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Why do firms hold so much cash? A tax-based explanation

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  • C. Fritz Foley
  • Jay C. Hartzell
  • Sheridan Titman
  • Garry Twite

Abstract

U.S. corporations hold significant amounts of cash on their balance sheets, and these cash holdings have been justified in the existing empirical literature by transaction costs and precautionary motives. An additional explanation, considered in this study, is that U.S. multinational firms hold cash in their foreign subsidiaries because of the tax costs associated with repatriating foreign income. Consistent with this hypothesis, firms that face higher repatriation tax burdens hold higher levels of cash, hold this cash abroad, and hold this cash in affiliates that trigger high tax costs when repatriating earnings. Estimates indicate that a one standard deviation increase in the tax burden from repatriating foreign income is associated with a 7.9% increase in the ratio of cash to net assets. In addition, certain firms, specifically those that are less financially constrained domestically and those that are more technology intensive, exhibit a higher sensitivity of affiliate cash holdings to repatriation tax burdens.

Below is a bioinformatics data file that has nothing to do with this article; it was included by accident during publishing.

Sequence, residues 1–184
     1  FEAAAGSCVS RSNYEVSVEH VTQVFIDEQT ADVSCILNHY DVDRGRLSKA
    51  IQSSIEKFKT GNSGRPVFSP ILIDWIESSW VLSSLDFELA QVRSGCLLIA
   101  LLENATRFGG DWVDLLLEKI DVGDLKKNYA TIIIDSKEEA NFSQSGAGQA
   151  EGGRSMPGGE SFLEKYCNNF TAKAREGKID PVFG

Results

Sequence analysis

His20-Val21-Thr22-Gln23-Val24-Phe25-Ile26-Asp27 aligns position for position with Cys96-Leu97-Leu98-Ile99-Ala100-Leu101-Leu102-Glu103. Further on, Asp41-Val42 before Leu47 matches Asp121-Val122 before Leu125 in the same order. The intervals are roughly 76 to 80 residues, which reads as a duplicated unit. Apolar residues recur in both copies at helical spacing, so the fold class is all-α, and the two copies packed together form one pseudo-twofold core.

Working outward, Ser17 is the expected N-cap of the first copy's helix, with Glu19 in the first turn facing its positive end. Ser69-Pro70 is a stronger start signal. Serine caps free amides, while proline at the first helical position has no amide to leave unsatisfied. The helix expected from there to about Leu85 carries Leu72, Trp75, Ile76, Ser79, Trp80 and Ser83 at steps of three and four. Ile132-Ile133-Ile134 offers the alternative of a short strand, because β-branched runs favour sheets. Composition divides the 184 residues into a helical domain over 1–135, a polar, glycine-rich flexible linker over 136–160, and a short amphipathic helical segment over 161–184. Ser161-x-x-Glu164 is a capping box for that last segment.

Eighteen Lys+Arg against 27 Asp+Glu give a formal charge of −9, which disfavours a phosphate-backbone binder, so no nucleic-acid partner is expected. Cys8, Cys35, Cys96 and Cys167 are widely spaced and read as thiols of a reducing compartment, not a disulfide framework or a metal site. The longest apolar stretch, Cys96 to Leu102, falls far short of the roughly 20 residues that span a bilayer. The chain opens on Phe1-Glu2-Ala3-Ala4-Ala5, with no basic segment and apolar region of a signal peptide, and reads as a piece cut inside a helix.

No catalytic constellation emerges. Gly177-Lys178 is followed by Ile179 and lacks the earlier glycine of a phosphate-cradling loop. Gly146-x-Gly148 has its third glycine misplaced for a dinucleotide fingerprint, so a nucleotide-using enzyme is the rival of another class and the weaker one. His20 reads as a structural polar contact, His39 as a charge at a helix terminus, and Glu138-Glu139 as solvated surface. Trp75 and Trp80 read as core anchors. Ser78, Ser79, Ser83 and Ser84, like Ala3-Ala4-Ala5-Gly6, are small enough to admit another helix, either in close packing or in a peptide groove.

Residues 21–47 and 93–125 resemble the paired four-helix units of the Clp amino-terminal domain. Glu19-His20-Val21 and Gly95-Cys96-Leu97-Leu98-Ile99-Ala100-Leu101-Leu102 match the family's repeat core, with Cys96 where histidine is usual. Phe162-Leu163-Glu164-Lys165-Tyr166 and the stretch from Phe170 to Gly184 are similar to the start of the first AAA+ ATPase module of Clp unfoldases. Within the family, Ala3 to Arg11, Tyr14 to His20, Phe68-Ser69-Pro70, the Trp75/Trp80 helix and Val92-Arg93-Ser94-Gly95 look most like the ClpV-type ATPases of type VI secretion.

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Paper provided by National Bureau of Economic Research, Inc in its series NBER Working Papers with number 12649.

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Date of creation: Oct 2006
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Publication status: published as Fritz Foley, C. & Hartzell, Jay C. & Titman, Sheridan & Twite, Garry, 2007. "Why do firms hold so much cash? A tax-based explanation," Journal of Financial Economics, Elsevier, vol. 86(3), pages 579-607, December.
Handle: RePEc:nbr:nberwo:12649

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